Told in the third person, Ms. Harper’s first standalone novel focuses on Nathan Bright, a forty-two year old, divorced father of a sixteen year old teen who lives with Nathan’s ex-wife, 1500 kilometers away, in Brisbane. When Nathan is not having one of his infrequent, Outback visits with his son, Nathan lives alone on a huge, desolate, cattle property, a generator his only source of electricity. Nathan must plan his meals six months in advance, and keep a precise inventory of supplies, as the large, refrigerated, supermarket truck from Brisbane delivers groceries to the homesteaders and cattle stations of the region only once every six weeks. When the floods come, Nathan’s home can be completely cut off, trapping Nathan in his home for weeks. Outback residents learn to never drive during the dry months without bringing survival gear, because if your car breaks down, you might not see another car for days. If you live with others, you must write in a log where you are going, and when you plan to return, as phone signals may be nonexistent. But Nathan lives mostly without human contact, unwelcome by those in the closest town of Balamara, deserted, one by one, by his staff, and left to manage his 700 kilometer property, with its 500-600 cattle, all by himself. In this rough and tumble, remote, and otherworldly landscape, this sort of isolation can put a man - or woman - in physical, as well as psychological, life or death peril. When one of Nathan’s brothers is found dead of apparent exposure to the elements near the infamous “stockman’s grave”, with its 1890s headstone, upon which is chiseled, “who went astray”, Nathan rejoins his family to investigate his brother Cameron’s mysterious death. The reader also learns why Nathan has been so removed from the others upon whom his own life, liberty, and happiness may depend.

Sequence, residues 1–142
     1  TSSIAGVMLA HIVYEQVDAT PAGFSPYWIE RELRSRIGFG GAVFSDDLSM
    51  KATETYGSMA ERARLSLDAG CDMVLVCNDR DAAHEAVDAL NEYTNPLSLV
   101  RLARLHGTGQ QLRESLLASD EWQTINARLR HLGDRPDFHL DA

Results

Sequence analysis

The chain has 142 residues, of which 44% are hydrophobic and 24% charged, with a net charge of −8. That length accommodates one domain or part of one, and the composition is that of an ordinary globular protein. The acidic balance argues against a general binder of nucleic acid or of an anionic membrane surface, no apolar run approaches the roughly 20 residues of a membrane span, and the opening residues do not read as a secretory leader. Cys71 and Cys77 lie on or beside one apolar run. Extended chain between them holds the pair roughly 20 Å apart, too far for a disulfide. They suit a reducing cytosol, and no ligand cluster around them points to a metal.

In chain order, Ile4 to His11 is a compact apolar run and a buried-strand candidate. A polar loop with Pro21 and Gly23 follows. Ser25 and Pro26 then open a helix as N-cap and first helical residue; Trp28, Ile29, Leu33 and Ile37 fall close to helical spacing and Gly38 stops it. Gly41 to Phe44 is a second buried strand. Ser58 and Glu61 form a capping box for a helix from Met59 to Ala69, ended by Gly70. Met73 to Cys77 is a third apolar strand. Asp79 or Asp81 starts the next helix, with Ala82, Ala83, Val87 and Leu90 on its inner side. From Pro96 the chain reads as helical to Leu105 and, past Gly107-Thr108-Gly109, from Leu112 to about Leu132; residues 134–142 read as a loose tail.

I listened to the excellent audio book, read by Aussie actor, Stephen Shanahan, who has narrated all three of Ms. Harper’s books. The audio book includes a bonus interview with Shanahan and Jane Harper, as well as a sample of Ms. Harper’s debut story, The Dry, which I heartily recommend, and which - I called it! - is currently in production to become a film adaptation! 

The Lost Man touches upon the universal themes of family relationships and bonds, the importance of community, as well as redemption, and forgiveness. Utterly compelling, and with characters I will not soon forget, The Lost Man gets my highest recommendation! It’s an instant classic!